- 1. Preheat oven to 450F.
- 2. Roll out pre-made pie crust. Place one crust in a deep dish pie plate.
- 2. Put sliced apples and lemon juice in a bowl and tossing.
- 3. Combine sugar through salt.
- 4. Sprinkle spices over the apples and toss until well combined.
- 5. Dump the apples into the pie plate and place the top crust on crimping the edges and making slits in the top.
- 6. Brush with milk or egg wash.
- 7. Bake at 450F for 15 minutes then reduce temperature to 350F baking for 40 minutes.
by amvandenhurk | Plant-Based Eating
The Tomato Sandwich. Yes, I have used “the” in front of tomato sandwich. It is a sandwich only eaten in the summer when sun-ripened tomatoes are just off the vine. It is the most delicious summer experience. Up there with strawberries, corn, and melons. You can’t beat it. It is the taste of summer. I’ll have this sandwich for breakfast, lunch, and dinner. It is just so good.
The Tomato Sandwich is Messy
As in tomato juices running down your elbow. And that’s what makes it so wonderful. Now American Southerners claim this sandwich as their own, but anywhere in the US where tomatoes are fresh, folks make this sandwich. How could you not? It is such a good and simple sandwich.
The key ingredients for this sandwich are garden or farm stand fresh tomatoes. Big juicy slicing tomatoes that are the size of the bread are ideal. We have Brandywines growing in our garden, and that’s what’s shown in the photos. It is worth seeking fresh tomatoes from your local farm stand or farmers’ market. The variety of tomatoes at the farmers market is plentiful; each has different flavors and textures. Something you can’t get at the grocery store.
The next ingredient is the bread. It has to be soft white bread. Not artisan bread. The traditional white sliced loaf bread. It pained me to write that last sentence, but it tastes best with that type of bread. I’ve tried it with other kinds of bread, but the white bread brings out the flavor of the other ingredients.
The last three ingredients are mayo, salt, and pepper. Mayo, There is always a debate about this among Americans: Miracle Whip or Mayo. I’m in the mayo camp using Duke’s when we lived in the US South and now that I’m plant-based, Follow Your Heart Vegenaise. No one can tell the difference between animal-based and plant-based mayos in my house. Once you’ve added a nice layer of mayo on that white bread and placed your thick sliced tomatoes, the finishing touch is salt and pepper. I use Kosher salt or Newport Sea Salt and freshly ground multi-color pepper.
That’s it—the perfect summer sandwich. Go out while the tomatoes are still fresh and make the tomato sandwich today. Enjoy summer!
- 2-3 big ripe slicing tomatoes
- Mayo - real or plant-based
- 8 slices of white bread
- Salt and Pepper
- - Thickly slice the tomatoes.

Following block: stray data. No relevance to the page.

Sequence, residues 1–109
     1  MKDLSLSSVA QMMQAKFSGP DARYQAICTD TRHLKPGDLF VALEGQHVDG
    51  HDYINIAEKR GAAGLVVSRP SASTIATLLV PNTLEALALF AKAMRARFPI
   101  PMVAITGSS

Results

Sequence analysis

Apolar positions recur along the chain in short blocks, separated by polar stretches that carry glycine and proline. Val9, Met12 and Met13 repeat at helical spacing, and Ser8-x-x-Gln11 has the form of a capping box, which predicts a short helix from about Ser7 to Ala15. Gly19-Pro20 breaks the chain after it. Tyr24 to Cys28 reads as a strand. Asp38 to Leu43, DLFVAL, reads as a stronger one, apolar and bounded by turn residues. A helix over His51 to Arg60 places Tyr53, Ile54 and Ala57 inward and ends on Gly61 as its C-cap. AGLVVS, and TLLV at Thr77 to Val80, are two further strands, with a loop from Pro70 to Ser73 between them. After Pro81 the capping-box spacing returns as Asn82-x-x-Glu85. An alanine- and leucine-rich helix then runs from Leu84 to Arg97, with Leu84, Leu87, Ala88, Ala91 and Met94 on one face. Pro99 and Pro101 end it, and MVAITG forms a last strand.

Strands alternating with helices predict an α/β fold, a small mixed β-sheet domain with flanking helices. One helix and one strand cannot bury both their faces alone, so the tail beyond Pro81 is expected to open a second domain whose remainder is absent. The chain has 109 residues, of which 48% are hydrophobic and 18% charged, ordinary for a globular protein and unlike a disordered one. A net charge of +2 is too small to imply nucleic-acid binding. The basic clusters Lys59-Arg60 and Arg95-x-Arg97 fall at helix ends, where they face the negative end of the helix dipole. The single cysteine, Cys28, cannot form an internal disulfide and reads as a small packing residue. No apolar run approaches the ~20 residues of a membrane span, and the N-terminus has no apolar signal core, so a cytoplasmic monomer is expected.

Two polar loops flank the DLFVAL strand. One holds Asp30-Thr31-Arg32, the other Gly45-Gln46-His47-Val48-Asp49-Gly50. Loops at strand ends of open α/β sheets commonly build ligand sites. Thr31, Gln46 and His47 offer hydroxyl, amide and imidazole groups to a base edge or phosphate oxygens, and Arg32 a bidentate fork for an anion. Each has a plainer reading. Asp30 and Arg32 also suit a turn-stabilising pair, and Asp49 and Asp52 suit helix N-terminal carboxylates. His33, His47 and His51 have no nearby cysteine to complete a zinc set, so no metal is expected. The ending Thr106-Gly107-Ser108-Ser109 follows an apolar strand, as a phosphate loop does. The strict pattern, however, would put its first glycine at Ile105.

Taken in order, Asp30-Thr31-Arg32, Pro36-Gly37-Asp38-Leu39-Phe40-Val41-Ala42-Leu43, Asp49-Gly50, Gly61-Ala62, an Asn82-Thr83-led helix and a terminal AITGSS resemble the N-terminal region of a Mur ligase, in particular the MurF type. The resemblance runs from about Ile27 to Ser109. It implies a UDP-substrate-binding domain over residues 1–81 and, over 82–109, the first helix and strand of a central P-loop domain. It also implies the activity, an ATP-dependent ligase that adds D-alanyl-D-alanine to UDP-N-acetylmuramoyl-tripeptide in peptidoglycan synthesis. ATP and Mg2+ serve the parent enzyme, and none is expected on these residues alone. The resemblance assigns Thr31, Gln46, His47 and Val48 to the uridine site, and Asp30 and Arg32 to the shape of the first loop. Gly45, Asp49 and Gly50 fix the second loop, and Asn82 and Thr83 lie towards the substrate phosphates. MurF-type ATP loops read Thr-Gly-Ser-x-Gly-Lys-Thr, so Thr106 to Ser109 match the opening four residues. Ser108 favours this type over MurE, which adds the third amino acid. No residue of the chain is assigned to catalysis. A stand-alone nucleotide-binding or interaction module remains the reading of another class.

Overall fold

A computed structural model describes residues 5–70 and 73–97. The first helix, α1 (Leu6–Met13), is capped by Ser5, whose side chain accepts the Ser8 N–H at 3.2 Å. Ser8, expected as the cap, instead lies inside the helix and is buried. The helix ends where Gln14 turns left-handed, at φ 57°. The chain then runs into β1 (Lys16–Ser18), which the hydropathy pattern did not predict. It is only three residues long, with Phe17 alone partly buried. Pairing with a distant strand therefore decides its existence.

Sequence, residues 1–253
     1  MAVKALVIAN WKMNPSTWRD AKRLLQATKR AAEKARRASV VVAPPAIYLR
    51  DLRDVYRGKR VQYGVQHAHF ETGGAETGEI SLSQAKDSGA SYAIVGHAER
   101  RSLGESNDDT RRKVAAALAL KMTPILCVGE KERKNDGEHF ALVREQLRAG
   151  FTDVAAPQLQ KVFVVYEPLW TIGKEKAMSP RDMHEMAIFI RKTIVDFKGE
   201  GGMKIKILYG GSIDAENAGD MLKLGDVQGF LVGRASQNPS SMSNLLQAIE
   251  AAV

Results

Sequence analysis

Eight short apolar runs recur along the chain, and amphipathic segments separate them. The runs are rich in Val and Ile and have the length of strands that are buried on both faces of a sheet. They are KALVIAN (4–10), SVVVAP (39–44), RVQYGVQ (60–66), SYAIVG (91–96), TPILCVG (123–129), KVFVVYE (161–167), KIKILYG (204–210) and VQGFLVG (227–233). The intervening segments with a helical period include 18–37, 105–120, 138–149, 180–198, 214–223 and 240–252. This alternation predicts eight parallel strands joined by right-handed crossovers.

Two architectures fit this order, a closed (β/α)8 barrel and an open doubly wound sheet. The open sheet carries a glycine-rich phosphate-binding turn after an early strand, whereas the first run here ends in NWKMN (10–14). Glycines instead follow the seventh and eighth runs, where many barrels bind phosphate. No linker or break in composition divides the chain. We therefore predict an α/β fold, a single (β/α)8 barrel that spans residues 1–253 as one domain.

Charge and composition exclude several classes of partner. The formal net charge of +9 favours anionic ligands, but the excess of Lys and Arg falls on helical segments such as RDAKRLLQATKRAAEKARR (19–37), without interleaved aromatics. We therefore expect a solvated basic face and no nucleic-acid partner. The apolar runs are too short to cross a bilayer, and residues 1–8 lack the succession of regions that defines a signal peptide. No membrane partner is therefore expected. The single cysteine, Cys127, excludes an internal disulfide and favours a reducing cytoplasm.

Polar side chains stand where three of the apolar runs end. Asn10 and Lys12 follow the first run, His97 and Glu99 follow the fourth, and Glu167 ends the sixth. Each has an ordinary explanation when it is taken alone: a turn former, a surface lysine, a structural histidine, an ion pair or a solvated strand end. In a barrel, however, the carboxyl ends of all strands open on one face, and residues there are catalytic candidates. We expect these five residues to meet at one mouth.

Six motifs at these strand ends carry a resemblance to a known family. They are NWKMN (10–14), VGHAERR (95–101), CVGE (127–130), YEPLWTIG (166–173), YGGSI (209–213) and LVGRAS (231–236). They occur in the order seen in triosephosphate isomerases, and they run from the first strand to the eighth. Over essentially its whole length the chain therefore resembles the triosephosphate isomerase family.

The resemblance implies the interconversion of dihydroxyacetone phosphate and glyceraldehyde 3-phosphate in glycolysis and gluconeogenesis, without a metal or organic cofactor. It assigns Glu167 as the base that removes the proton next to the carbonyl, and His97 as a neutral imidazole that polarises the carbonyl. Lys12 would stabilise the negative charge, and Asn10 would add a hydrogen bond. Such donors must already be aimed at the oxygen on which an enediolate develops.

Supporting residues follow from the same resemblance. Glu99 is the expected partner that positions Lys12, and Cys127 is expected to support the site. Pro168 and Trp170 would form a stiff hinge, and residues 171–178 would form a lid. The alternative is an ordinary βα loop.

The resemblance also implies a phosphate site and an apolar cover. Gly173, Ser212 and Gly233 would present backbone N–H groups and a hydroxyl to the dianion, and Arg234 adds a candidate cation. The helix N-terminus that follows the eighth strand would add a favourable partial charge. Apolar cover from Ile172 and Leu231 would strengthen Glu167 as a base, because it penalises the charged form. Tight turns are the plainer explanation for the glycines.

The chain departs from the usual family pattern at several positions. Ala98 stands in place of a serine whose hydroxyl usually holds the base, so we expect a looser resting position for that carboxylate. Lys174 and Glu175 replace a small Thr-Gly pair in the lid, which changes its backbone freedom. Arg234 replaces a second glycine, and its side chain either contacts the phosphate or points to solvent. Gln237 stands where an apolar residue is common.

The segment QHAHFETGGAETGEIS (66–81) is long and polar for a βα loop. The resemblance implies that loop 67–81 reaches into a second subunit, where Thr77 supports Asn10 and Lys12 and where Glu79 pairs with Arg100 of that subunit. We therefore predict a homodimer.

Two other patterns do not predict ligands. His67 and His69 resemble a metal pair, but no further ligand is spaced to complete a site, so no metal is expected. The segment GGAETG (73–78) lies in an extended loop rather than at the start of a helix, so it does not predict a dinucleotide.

- - Slather mayo on the white bread slices.
- - Put a slice of tomato on the bread slice.
- - Sprinkle with salt and pepper.
- - Add the another bread slice on the top.
- - Cut in half.
by amvandenhurk | Curry, Plant-Based Eating, Vegan
Life is busy these days for us so quick meals are essential. Kale tofu chickpea curry is a quick and easy weekday dinner. From start to finish, it can be on the table within 15 mins. Really. It is that quick.
Especially if you have a rice cooker that you can make rice in the morning. I resisted buy one for the longest time as I felt I didn’t need another kitchen gadget, but as I moved towards plant-based I was cooking a lot of rice. Worth an investment as a rice cooker can make oatmeal and other grains. Helpful if you are plant-based. When I made the decision I went with the Zojirushi NS-LGC05XB Micom Rice Cooker & Warmer, 3-Cups after tons of research. A good rice cooker is pricey, but well worth it.
My guys aren’t fans of kale so that fact they like this curry says something. I like to get Lacinato Kale, but I think any type of kale will do. I like to visit my local farmers market or natural grocery stores. I’ve used frozen chopped kale, too, when I’m in a rush and don’t have fresh kale on hand.
The other ingredients that make up this dish are chickpeas, diced tomatoes, coconut milk, squeezable ginger, firm tofu, tamari, and curry powder. For the longest time, it get the water out of the tofu I used a Dutch Oven on top of the tofu and it worked, but I was always afraid it was going to tumble off. So I gave in and got a tofu press. I know, I know, another kitchen gadget, but it really makes a difference in how well the tofu turns out.
This recipe is adapted from one of my favorite vegan authors from The Happy Pear. Love this kale tofu chickpea curry? Try these curries.
- 1 can chickpeas drained and rinsed
- 1 can diced tomatoes
- 1 can coconut milk
- 1 bunch of scallions
- 2 tsp squeezable ginger
- 2 tbsp oil
- 1/2 tsp salt
- Block Firm tofu
- 2 tbsp of tamari
- Bunch of Kale
- 2 Tbsp Curry powder
- Pinch of chili flake – optional leave out if you prefer less heat
- - Drain and dry the tofu to remove any moisture, chop tofu into bite size pieces.
- - De-stalk the kale and roughly chop the leaves and the scallions.
- - Heat a little oil on a high heat, when hot add the tofu and cook for 2-3 minutes until browned then add 2 tbsp of tamari to the pan along with the scallions, kale and ginger and 1/2 tsp of salt, reduce the heat a little and cook for 1-2 minutes, until the kale starts to wilt
- - Add the curry powder and chili flake, stirring to coat all the tofu and veg.
- - Add the coconut milk, diced tomatoes and chickpeas bringing to a boil and reduce to a simmer for a few minutes.